The baby bird lay in the road perfectly centered in the lane. It struggled. It opened and closed its mouth. I decided to save it. I was eight.
I knew what my dad would say if I handled the bird with my bare hands. I went to the carport and found stained gardening gloves, the shovel, a ratty towel, and a cardboard box. Cars rarely came down our road and even if one did, I figured the bird would be okay. It was, after all, not where wheels should go.
The bird was still there. I looked down the road and coming around the far away curve I saw a van. I considered scooping up the bird, but worried I might drop the little thing and not be able to get out of the way in time. The bird would be okay in the center of the lane.
Shovel in hand, I stayed on the side of the road. Drivers veered when they saw children near the road, so I moved further back. Any sensible grown up would know that a girl that far from the shoulder couldn’t possibly jump into the road without warning. I tried to look in the other direction just to prove that I had no interest in the road at all. But I wanted to keep an eye on the bird, fluttering and gasping in the morning heat.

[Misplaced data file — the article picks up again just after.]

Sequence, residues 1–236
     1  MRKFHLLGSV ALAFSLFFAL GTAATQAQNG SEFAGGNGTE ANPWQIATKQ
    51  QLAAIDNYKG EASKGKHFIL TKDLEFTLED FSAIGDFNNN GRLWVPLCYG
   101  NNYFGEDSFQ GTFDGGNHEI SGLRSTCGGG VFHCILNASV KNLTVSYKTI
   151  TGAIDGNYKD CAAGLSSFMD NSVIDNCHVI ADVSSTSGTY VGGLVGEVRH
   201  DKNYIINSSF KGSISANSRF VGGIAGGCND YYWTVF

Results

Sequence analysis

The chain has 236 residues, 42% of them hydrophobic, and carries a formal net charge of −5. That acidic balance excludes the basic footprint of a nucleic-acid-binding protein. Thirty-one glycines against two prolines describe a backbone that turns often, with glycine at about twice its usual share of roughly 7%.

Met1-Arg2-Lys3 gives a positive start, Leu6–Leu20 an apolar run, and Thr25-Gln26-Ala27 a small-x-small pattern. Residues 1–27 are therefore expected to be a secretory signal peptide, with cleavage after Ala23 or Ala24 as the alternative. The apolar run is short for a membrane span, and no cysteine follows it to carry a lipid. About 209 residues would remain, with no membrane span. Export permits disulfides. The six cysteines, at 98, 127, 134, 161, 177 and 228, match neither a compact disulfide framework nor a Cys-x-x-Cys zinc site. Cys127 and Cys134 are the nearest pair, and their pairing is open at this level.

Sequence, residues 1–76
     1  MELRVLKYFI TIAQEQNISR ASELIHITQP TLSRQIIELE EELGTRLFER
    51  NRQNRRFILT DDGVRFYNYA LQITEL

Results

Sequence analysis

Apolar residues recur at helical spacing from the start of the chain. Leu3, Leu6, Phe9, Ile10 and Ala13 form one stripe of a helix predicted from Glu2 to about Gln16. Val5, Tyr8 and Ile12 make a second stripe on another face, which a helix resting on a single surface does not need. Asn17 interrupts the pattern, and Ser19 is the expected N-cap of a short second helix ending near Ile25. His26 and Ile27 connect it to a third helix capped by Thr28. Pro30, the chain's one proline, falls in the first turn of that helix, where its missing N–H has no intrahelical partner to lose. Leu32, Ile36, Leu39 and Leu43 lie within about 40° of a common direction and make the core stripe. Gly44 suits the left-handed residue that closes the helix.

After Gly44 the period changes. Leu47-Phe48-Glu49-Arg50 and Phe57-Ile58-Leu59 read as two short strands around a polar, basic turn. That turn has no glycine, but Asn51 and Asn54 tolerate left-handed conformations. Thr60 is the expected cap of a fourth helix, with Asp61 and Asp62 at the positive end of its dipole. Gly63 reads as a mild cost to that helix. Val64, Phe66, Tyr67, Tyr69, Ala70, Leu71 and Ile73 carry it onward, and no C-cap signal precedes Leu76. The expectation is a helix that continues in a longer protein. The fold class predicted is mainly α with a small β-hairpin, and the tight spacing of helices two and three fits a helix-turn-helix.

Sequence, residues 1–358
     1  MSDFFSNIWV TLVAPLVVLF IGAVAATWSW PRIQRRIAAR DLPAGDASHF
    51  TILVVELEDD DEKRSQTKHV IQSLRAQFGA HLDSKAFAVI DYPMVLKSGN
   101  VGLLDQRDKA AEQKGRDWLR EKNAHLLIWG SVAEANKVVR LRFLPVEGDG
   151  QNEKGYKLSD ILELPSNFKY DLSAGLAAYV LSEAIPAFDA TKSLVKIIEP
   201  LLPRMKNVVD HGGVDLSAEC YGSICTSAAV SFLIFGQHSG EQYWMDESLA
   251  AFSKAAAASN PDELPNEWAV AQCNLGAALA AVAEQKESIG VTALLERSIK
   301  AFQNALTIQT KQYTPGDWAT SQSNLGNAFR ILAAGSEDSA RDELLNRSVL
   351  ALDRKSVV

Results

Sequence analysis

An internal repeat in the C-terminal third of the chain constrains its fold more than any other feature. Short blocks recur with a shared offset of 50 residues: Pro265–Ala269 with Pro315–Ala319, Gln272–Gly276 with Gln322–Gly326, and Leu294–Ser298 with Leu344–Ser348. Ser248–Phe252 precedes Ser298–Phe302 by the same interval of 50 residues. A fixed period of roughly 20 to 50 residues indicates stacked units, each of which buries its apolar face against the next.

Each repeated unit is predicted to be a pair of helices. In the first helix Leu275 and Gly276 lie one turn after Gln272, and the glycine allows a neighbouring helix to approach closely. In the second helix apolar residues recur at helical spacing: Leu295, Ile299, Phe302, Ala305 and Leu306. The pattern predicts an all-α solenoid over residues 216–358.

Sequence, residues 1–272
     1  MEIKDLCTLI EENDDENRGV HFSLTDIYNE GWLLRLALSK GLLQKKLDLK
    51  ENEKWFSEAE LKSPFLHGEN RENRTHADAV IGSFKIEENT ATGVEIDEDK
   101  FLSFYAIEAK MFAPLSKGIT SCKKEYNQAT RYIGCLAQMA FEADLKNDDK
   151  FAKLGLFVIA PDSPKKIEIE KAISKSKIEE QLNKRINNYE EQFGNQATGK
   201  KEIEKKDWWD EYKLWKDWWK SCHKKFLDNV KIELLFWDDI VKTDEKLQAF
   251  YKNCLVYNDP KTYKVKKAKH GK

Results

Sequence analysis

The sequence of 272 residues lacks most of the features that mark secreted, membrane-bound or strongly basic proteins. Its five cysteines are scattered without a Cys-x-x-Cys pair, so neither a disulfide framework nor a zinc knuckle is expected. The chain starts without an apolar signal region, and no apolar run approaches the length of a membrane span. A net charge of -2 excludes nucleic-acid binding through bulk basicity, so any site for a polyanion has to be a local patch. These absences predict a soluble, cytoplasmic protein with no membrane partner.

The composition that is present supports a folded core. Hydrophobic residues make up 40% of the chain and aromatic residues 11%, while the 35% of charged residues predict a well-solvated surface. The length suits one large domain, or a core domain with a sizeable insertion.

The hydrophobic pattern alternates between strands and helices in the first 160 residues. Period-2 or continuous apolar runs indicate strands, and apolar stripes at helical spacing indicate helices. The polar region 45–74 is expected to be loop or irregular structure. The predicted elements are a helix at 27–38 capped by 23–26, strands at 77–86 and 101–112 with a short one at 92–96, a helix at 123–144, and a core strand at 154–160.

The van veered anyway. Its right wheels just in the center of the lane. Blood and insides burst out and smeared the pavement with down and feather stuck in.
If I hadn’t been standing there, the van wouldn’t’ve moved toward the yellow line. If I’d stood even further back…if I’d sat down… I got what I could of the bird in the shovel and carried it over to a patch of dirt between a palm tree and an oak.
Characters in fiction are supposed to have consequences for their actions. Unintended consequences are the most fun for the reader, I think. Have you ever read a story where you thought the bad guy suffered no consequences? What about where the hero got no reward? Do such endings disappoint you? How important are the consequences in fiction? Without them does a story feel incomplete?